Slovenia Attractions

1. Ljubljana

Ljubljana, the capital of Slovenia, is the administrative, political, cultural, economic and traffic centre of the country. The city has all the characteristics of modern and highly developed country centres, but has still maintained the kindness and ease of a small town. Through the centuries Ljubljana developed and expanded under the castle hill on the left and right bank of Ljubljanica river. The oldest marks of settlement in this area are from the Bronze Age. On these prehistoric foundations the Roman town Emona was built, which represented the most favourable crossing from the Apennine Peninsula towards the North. In the 6th century ... Read more about Ljubljana

2. Postojna Cave

Postojna Cave, now in its second century of attracting throngs of admirers from all over the world, was also a challenge for the bold explorers of the underworld who, with patience and perseverance, penetrated ever deeper underground. The visitor's curiosity is satisfied by facts about the formation of caves, a guided visit through passages and chambers and, above all, by observing the stalactites hanging from the ceiling, the stalagmites growing up from the floor, the pillars formed when stalactites and stalagmites meet, the folds of calcite curtains and the other sequences of fantastic shapes and forms... Read more about Postojna Cave

3. Bled

The north-west, Alpine part of Slovenia is represented by the most developed region Upper Carniola. The symbol of the Upper Carniola is certainly Lake Bled. Surrounded by steep hills it creates an idyllic mountain spot. In summer it is a place to swim and lie in the sun, and in winter a place to relax after tiring skiing. All year long you can choose from a variety of sport activities, and all those who would like to get your special wish come true can go to the island and ring the bell of wishes in the church! Above the lake rises the three-peaked Triglav, the highest mountain in Slovenia. We are... Read more about Bled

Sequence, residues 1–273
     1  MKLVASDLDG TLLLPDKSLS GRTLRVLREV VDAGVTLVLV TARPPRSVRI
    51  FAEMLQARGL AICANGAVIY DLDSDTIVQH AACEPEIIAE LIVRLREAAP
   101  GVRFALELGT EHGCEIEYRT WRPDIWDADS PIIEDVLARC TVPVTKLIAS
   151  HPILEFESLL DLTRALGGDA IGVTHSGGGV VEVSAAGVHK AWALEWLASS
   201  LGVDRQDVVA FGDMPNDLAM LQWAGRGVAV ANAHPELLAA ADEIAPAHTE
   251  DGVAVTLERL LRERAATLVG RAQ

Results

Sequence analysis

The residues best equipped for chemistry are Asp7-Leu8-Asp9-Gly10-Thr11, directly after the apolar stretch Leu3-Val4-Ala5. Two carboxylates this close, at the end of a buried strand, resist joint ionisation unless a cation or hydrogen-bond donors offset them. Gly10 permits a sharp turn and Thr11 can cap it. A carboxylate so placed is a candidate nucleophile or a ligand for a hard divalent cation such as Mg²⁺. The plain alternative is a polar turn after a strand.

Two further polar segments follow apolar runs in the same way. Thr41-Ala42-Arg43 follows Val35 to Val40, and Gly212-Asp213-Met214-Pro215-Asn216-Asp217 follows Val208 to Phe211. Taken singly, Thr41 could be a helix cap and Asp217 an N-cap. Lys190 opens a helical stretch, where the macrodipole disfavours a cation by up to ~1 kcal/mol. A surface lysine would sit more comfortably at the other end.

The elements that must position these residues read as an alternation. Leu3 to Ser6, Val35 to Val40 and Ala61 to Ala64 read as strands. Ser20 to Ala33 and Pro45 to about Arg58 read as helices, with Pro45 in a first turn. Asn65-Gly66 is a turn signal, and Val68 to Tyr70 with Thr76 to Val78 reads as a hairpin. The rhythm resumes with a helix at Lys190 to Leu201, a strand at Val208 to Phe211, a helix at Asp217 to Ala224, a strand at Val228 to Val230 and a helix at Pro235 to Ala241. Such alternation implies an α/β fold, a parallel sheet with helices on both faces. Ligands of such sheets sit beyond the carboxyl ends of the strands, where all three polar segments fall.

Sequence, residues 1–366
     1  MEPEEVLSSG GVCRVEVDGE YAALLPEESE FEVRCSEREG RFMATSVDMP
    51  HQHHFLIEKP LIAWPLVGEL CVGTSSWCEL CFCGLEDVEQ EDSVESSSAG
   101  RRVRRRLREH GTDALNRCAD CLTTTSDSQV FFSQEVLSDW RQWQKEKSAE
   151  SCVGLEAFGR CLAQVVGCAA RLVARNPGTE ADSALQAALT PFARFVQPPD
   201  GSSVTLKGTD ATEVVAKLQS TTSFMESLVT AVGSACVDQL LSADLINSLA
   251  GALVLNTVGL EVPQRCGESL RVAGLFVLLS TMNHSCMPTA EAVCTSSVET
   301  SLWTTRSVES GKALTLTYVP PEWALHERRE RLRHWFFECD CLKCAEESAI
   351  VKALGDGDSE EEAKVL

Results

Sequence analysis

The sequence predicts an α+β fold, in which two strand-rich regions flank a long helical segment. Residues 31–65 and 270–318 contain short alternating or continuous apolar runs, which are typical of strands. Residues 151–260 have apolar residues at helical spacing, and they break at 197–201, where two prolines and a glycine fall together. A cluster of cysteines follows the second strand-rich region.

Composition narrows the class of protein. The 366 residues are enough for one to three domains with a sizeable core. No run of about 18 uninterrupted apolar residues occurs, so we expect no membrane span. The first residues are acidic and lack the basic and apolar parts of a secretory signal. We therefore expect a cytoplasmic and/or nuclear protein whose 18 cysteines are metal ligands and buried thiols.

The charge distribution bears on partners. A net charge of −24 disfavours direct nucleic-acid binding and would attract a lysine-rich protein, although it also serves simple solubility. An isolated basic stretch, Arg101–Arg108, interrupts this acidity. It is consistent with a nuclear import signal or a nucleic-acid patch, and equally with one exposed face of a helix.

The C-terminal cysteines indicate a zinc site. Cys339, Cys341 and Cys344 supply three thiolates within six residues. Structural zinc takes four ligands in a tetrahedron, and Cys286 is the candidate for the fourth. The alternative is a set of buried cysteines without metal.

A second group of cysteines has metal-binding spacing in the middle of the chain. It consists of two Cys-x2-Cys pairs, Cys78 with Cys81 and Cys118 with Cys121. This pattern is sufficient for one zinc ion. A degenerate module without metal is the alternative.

4. Lipica

In the picturesque Karst region of Slovenia, in the heart of a green oasis under the azure Mediterranean sky, in the shade of century-old lime trees and oaks, and just a stone's throw from the Slovenian–Italian border lies the Lipica Stud Farm – the cradle of the Lipizzaner horse. The stud farm was founded in 1580 and, today, it is a jewel among the cultural and historical monuments of the Republic of Slovenia. For over four centuries, the Lipica Stud Farm has nurtured the tradition of breeding and selecting thoroughbred horses. In the period after World War II Lipica established its own classical riding school and has successfully performed with its horses at various equestrian events all over the world. Today, Lipica is a world famous recreational centre with a hint of tradition, offering its... Read more about Lipica

5. Škocjan Caves

The Škocjan Caves are a unique natural phenomenon, the creation of the Reka River. The Reka River springs from below the Snežnik plateau and flows some fifty-five kilometres on the surface. After reaching the Karst, that is the limestone surface, the river not only deepens its riverbed through erosion, but also by means of corrosion – it dissolves the limestone. In the first part of its course on the limestone, the Reka still flows on the surface, along an approximately four-kilometre-long gorge that ends with a magnificent wall under which it disappears underground. The Reka River blind valley is the largest in Slovenia. In the distant past, probably in the Early Pleistocene, that is a few hundred thousand years ago, the ceiling of the cave collapsed some 200 metres from the sinks; as a result, the collapse dolines Velika dolina (up to 165 metres deep) and Mala dolina (120 metres)... Read more about the Škocjan Caves

6. Triglav National Park